Good Morning America Star Reveals Daughter’s Scoliosis

Good Morning America Star Reveals Daughter’s Scoliosis

June is National Scoliosis Awareness Month, and Good Morning America personality George Stephanopoulos, who also hosts This Week with George Stephanopoulos, joined his wife Ali Wentworth in revealing that their 14-year-old daughter has been diagnosed with scoliosis and wears a special back brace every day.

The couple used social media to send a message of pride and solidarity with other families dealing with the difficult disease. Wentworth, a well-regarded actress, tweeted, “So proud of my daughter wearing her brace every day! #LeaningUp ##NationalScoliosisAwarenessMonth,” while the teen’s father tweeted, “So proud of my daughter Elliott. Wearing brace every day. #NationalScoliosisMonth.”

Scoliosis is a condition that causes a sideways curvature of the spine. It is very common, affective more than 3 million people in the United States each year, with 80% of cases occurring in adolescents. The condition is treatable, with early diagnosis generally resulting in a spine surgeon prescribing the type of brace that Elliott Stephanopoulos is currently wearing. These braces help to keep the curve from growing worse. It is generally worn until the adolescent patient has reached full maturity and growth. This can be difficult, both emotionally and physically, which is a big part of why the family is encouraging both their daughter and others who share her journey.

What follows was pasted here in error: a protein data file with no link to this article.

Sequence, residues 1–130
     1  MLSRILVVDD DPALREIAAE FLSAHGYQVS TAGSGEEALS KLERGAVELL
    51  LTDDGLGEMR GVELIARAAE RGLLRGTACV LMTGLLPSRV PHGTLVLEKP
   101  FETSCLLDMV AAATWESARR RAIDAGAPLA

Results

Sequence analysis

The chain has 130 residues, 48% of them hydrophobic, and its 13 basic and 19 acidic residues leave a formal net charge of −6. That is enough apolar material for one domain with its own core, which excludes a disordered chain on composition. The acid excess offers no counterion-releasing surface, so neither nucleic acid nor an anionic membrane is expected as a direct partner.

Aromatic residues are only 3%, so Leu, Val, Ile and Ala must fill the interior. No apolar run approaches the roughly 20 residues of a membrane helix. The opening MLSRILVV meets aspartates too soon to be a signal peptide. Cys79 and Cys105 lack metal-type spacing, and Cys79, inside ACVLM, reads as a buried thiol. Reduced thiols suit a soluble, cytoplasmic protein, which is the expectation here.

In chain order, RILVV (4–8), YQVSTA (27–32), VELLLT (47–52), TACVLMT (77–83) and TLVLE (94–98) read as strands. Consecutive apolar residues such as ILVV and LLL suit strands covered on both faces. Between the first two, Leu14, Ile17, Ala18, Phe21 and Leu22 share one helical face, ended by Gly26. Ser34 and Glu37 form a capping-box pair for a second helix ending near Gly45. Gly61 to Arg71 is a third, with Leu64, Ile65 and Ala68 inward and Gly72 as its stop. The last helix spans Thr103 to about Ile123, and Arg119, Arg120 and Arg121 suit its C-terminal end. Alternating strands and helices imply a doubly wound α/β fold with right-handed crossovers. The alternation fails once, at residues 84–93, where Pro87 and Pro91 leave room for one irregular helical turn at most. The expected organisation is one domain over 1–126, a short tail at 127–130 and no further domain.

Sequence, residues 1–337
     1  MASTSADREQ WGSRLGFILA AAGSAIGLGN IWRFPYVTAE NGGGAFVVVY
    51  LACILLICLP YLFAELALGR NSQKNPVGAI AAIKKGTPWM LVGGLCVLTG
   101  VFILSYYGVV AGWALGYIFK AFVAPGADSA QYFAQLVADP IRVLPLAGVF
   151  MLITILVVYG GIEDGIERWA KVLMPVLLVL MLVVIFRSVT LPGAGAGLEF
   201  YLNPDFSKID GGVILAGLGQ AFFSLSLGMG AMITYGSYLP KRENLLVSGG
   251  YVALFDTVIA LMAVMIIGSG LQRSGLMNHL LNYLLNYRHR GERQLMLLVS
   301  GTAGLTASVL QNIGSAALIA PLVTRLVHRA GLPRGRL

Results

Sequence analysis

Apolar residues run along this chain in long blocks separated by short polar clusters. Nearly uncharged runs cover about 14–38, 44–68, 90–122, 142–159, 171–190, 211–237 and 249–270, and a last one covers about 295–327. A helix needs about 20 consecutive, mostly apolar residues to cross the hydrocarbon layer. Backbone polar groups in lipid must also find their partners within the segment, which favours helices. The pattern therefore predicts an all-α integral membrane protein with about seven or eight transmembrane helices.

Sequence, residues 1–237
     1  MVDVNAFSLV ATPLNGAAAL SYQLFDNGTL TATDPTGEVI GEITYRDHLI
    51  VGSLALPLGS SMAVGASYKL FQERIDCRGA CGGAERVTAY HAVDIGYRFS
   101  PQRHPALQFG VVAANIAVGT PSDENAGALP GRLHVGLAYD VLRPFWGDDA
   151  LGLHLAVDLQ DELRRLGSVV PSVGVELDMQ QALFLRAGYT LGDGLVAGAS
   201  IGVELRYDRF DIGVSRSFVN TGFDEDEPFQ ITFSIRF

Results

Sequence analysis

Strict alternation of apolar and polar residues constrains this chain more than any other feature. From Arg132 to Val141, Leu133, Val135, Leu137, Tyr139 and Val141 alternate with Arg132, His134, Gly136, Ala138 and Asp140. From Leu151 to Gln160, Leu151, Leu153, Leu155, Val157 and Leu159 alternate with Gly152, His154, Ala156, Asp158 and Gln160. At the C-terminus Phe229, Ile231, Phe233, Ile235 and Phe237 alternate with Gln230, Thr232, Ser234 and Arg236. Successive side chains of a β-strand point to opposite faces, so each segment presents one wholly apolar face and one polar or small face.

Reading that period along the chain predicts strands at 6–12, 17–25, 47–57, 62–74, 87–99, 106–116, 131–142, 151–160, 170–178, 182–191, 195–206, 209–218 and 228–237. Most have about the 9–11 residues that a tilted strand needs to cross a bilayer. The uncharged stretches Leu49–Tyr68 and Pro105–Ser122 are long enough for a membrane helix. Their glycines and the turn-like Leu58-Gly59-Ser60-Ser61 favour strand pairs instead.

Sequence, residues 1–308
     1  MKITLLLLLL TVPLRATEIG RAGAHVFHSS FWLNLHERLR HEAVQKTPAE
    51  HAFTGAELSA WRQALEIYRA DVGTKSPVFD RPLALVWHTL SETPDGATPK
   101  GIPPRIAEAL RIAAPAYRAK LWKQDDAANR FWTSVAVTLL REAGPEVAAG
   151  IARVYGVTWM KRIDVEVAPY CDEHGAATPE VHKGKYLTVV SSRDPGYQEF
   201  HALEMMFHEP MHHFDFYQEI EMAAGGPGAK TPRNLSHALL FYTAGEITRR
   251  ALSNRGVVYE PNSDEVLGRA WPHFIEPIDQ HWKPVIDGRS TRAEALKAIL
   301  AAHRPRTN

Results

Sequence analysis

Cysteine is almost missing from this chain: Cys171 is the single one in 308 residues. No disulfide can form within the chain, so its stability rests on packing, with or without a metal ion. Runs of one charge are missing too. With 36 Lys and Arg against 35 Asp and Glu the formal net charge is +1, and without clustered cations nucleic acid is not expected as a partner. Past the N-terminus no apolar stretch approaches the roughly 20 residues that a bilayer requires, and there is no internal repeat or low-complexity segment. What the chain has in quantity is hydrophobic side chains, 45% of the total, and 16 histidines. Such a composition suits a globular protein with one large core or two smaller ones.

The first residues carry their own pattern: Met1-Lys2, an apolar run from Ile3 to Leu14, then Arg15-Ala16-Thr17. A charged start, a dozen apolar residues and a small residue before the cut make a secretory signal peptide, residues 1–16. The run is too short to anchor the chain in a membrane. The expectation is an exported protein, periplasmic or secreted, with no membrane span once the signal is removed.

Diagnosing an idiopathic scoliosis curve early is one of the best ways to head off the need for surgery, but it can impose hardship on a teen during their most emotionally vulnerable years. The rigid back brace is essential to lowering the chance of a severe deformity. The sideways curvature is measured in degrees. Called the Cobb angle, physicians do little more than observe a curvature of less than 10 degrees, and the same is generally true up until the point when it reaches 25 degrees. Once the curvature gets to this point physicians will begin ordering X-rays to more accurately monitor the progression. If the curve reaches more than 25 degrees while the child is still growing or is less than 25 degrees but is showing rapid progress, that is when bracing is generally recommended. For those who have already reach or are approaching skeletal maturity, the brace is unlikely to be effective, and that’s when surgery becomes a better option.

Bracing will never improve a scoliosis curve. In cases where an idiopathic scoliosis curve has gotten too pronounced or progresses despite the use of a brace, surgery is often offered as an option. Scoliosis surgery not only stops the progression of a curvature, it can also reduce the deformity, providing better balance. There are different types of surgery offered, including fusion, which permanently fuses a couple of vertebrae together to form an immovable single bone; another type of surgery involves implanting a growing system in which rods are anchored to the spine as the child continues to grow.

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